There’s no point in putting your super duper character in a situation you know they can handle. Where’s the story in that? Give them hell and then some. It will challenge you to work out how your character deals with it and that is where the story is!

Have fun dropping your characters right in it then!

Fairytales With Bite – What I Like in a Fairytale

  • Strong characters (even if they themselves don’t think they are but prove it later)
  • To see wrong being righted (with some help from a fairy godmother and a magic wand. Be prepared for pumpkins to be involved. Just go with it… it’s part of the fairy godmother’s stock in trade).
  • Humour. While the character of Buttons is not in Cinderella to the best of my knowledge, I can understand his addition to the traditional pantomime. If the main character can’t be humorous, for whatever reason, best to get a sidekick to do it then!
  • A good and appropriate ending, usually a happy one though there are exceptions (The Little Mermaid as told by Hans Christen Andersen is a classic example here).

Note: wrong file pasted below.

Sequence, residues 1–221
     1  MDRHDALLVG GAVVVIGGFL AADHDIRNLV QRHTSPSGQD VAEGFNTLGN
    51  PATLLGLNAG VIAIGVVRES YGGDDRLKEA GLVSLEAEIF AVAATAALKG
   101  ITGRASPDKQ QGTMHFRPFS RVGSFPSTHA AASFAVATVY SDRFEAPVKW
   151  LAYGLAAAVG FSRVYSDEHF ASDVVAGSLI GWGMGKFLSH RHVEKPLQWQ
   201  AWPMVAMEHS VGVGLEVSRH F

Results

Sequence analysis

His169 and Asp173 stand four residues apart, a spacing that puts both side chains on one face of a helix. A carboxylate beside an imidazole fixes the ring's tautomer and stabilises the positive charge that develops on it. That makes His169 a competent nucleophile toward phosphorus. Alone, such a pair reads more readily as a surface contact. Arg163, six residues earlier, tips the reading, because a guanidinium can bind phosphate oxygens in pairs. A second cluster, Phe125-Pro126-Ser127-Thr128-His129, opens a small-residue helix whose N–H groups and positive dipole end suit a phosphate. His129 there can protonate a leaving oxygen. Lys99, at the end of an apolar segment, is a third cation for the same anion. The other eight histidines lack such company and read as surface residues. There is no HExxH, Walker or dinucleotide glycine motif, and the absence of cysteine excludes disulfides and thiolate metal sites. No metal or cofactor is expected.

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This World and Others – Deciding on a Setting

How do you decide what setting is best for your characters?

  • The setting has to meet the character’s needs. If a character is on a quest, where are they likely to meet those who will help them/supply them etc? Also where are they going to and why? What kind of obstacles must they overcome to achieve their objective?
  • The setting has to be appropriate to the characters. You wouldn’t get a mermaid to live in an inner city etc (well she wouldn’t last for long if you did!).
  • What kind of world do you want to create? Have you got a hankering for forests? Then create a world which has plenty of them and think about what kind of characters would live in woodlands? Which characters would hate that? Would there be conflict between the two types (I should think so but good stories always come out of conflict!)?

 

 

 

The Writing Life – and Publication News

Image Credit:  As ever, all images, unless stated, are from Pixabay

 

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I thought I would look at what reading non-fiction has done for me.

I was a huge fan of the Simon Schama History of Britain TV series so got the books too. They are a fascinating read both in terms of content and how they are structured. Lots of useful pointers there for a writer.